“That’s a historic problem,” said Katz.
Katz said that while he had made an effort to get the other municipalities to contribute a greater share of the library’s budget, he had met with little success.
Because of this discrepancy, Katz said that he and the village board of trustees actively supported the initiative. In anticipation of it passing, he said that the village budgeted $44,000 for the library this year, as opposed to the usual $90,000 allotment.
“We basically budgeted about half a years worth,” said Katz, who said that was the amount of money the library board said they would need before funds from the levy would become available.
In order to help ensure the passage of the initiative, the village also hammered out an agreement with the village library that, over the next four years, would see the village continue to provide the library space, utilities, custodial services and treasury and accounting services free of charge, as it has traditionally done.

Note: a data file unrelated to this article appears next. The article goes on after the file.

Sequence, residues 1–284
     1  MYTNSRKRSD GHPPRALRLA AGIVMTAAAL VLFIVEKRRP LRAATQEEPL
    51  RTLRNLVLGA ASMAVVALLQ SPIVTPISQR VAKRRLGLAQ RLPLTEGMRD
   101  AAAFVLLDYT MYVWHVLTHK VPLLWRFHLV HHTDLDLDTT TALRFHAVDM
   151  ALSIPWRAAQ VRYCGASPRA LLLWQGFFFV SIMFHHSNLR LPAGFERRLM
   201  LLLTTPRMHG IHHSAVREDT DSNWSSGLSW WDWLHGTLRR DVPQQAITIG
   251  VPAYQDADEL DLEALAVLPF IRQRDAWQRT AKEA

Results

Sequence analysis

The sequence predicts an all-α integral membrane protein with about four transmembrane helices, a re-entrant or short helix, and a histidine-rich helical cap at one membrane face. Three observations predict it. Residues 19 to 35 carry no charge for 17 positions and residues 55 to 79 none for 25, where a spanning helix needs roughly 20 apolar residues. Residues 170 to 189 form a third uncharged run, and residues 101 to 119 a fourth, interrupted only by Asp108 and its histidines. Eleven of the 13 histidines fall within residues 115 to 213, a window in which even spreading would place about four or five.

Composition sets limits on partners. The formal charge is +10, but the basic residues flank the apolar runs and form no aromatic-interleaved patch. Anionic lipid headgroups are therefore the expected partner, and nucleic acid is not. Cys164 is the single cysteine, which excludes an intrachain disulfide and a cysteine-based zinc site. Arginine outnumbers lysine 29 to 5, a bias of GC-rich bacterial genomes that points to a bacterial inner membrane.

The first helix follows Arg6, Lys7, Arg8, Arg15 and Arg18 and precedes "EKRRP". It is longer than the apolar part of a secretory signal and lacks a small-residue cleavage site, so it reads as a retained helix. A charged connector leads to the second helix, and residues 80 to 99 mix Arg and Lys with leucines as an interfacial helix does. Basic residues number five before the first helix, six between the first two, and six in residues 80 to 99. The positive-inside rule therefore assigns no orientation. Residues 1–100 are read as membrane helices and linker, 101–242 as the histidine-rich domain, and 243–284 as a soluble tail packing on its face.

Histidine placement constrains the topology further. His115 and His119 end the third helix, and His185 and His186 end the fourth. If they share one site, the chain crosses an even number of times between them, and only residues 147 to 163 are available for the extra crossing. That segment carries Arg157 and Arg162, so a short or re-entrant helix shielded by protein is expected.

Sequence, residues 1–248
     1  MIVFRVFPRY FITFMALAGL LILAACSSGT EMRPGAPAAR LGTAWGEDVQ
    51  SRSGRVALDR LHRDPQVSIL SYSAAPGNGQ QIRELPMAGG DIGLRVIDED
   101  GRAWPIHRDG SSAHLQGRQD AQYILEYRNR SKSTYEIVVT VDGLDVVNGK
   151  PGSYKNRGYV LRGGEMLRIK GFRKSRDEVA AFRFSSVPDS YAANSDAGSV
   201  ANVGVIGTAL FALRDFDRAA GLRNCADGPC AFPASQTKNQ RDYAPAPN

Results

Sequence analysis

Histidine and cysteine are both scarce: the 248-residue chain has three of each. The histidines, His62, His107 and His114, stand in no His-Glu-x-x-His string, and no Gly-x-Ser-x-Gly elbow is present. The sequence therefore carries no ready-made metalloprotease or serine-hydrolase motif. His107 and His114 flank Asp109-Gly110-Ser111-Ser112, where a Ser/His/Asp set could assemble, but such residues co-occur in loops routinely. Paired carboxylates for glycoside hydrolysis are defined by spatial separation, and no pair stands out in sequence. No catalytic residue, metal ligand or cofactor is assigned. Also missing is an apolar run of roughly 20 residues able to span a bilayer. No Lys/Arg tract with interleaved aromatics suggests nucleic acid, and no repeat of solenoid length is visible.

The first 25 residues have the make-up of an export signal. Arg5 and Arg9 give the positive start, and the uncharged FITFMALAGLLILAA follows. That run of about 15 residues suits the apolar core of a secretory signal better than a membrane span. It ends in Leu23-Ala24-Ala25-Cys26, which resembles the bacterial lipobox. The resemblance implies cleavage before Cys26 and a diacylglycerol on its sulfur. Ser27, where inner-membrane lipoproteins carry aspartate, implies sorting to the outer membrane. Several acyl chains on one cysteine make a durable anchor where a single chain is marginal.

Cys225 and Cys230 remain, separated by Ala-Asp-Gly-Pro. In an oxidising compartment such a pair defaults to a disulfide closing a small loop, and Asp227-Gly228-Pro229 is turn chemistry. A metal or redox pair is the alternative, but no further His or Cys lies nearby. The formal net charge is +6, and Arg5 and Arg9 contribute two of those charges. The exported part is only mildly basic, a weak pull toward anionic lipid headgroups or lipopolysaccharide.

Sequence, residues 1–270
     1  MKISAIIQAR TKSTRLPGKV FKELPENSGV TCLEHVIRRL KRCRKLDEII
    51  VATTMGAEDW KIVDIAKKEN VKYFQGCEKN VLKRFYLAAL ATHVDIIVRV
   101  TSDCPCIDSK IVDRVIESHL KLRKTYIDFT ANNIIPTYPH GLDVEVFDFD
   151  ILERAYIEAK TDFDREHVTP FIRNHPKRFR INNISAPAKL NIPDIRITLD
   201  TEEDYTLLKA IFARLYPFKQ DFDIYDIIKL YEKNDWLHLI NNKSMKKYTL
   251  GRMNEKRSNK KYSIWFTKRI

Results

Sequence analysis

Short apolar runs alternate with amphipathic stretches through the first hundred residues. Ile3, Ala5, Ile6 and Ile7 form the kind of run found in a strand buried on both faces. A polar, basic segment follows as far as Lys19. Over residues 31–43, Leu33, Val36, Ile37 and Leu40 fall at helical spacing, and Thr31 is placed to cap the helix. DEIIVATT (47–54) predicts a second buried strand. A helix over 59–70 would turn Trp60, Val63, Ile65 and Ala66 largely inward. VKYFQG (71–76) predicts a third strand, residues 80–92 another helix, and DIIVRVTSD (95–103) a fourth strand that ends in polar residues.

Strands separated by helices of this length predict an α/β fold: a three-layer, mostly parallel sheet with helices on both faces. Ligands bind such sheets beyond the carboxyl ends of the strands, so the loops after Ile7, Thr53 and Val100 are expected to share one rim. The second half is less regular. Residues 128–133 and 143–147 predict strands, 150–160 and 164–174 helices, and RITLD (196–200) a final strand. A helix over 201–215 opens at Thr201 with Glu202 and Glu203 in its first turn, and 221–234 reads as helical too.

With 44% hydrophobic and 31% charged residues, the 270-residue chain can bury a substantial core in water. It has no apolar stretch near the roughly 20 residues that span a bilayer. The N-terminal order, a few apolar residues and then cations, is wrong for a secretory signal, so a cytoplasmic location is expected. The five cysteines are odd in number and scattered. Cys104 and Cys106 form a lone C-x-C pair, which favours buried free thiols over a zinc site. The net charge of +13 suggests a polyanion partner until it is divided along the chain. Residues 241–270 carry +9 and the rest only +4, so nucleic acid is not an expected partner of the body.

Katz said that he didn’t see major changes any time soon with those services.
“I don’t expect that conversation to take place for a really long time,” said Katz.
As for what is next for the Village Library of Cooperstown, Jastremski said that the board is seeking to address maintenance and heating issues at the library building. Replacing the library’s windows is a priority, and the board is turning to grants to fund the project
Jastremski said that the grants the library is applying for look for community support, which she said was demonstrated very strongly by the vote this May.
“This is the proof that we need,” she said.
She also said that there are no plans at this time to ask the voters for an increase in the library’s budget next year.
“We’re really grateful to the voters,” she said.